Feb. 7 (Bloomberg) -- Amlin Plc and Beazley Plc, Lloyd’s of London insurers, said premium rates during the January policy renewal period increased as much as 4 percent after the most costly year for natural disasters on record.
Amlin said revenue so far this year climbed 19 percent to 746.4 million pounds after “a notable uplift in reinsurance rates,” the London-based firm said today in a statement. Beazley’s renewal rates increased by between 2 percent and 4 percent Chief Executive Officer Andrew Horton said.
“We’re expecting rates to turn from where they have been,” Horton said today in a telephone interview. “It’s a slow and gentle turn, but at least it’s turning.”
Earthquakes in Japan and New Zealand, windstorms in the U.S. and flooding in Thailand cost insurers about $105 billion last year, making it the industry’s most expensive year on record, surpassing the $101 billion paid out in 2005, when Hurricane Katrina struck New Orleans, according to Munich Re. Losses erode insurers’ capital reserves, forcing them to put up prices to compensate.
“The Jan. 1 renewal growth looks strong,” Joy Ferneyhough, a London-based analyst at Espirito Santo Investment Bank, wrote in a note to clients today, referring to Amlin’s statement. “Both Hannover and Munich Re also spoke of very strong catastrophe renewals in their calls last week.”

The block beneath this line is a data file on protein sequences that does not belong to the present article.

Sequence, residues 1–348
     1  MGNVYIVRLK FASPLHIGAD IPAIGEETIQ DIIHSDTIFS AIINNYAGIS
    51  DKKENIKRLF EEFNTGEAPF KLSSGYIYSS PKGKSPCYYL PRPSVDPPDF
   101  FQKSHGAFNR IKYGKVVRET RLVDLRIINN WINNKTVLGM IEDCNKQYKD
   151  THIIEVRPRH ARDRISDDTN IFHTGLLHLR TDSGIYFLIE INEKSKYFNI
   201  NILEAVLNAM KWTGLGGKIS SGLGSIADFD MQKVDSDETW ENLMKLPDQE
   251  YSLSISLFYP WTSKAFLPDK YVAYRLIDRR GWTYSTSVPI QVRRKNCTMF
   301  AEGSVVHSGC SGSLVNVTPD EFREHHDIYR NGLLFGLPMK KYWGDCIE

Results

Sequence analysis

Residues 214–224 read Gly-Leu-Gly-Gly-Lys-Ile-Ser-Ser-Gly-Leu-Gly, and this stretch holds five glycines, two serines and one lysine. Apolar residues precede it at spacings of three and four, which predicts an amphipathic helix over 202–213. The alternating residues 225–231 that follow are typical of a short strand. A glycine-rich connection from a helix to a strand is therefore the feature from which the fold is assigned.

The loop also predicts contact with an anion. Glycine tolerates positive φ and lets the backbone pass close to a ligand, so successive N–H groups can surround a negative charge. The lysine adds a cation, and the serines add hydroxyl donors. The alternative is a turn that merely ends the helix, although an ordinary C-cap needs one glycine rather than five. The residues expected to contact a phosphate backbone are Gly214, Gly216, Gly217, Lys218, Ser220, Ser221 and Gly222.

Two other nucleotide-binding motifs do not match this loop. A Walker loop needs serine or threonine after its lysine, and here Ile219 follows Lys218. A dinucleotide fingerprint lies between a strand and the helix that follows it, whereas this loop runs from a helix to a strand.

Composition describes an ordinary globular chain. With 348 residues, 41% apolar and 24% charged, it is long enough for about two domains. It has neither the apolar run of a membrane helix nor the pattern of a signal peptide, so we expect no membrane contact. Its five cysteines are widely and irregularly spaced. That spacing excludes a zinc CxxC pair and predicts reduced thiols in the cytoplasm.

Hannover Re, the world’s fourth-biggest reinsurer, said rates rose 6 percent for policies renewed in January.
The steepest rate increases came in Beazley’s property reinsurance products, Horton said. The firm is expecting rates overall to increase by 1 to 2 percent this year following a 1 percent rise in 2011 and a 2 percent fall in 2010, he said.
Beazley’s pretax profit for 2011 dropped 75 percent to $62.7 million in 2011. That missed the $70.4 million median estimate of eight analysts surveyed by Bloomberg.
Takeover negotiations with Lloyd’s rival Hardy Underwriting Bermuda Ltd. are “ongoing” and any bid would be made using the firm’s $200 million of surplus capital and $225 million credit facility, Horton said. Beazley previously had offers for the firm rejected in 2010.
Amlin, the biggest Lloyd’s insurer by market value, said losses from the Thai floods will be between 50 million pounds and 70 million pounds. The bulk of the loss will lie in its property and catastrophe reinsurance account, it said.
The firm expects to pay out less than 10 million pounds, net of reinsurance, for the Costa Concordia cruise ship disaster last month.
Amlin rose 0.9 percent to 340 pence as of 8:12 a.m. in London trading, while Beazley dropped 1.9 percent to 141.3 pence.
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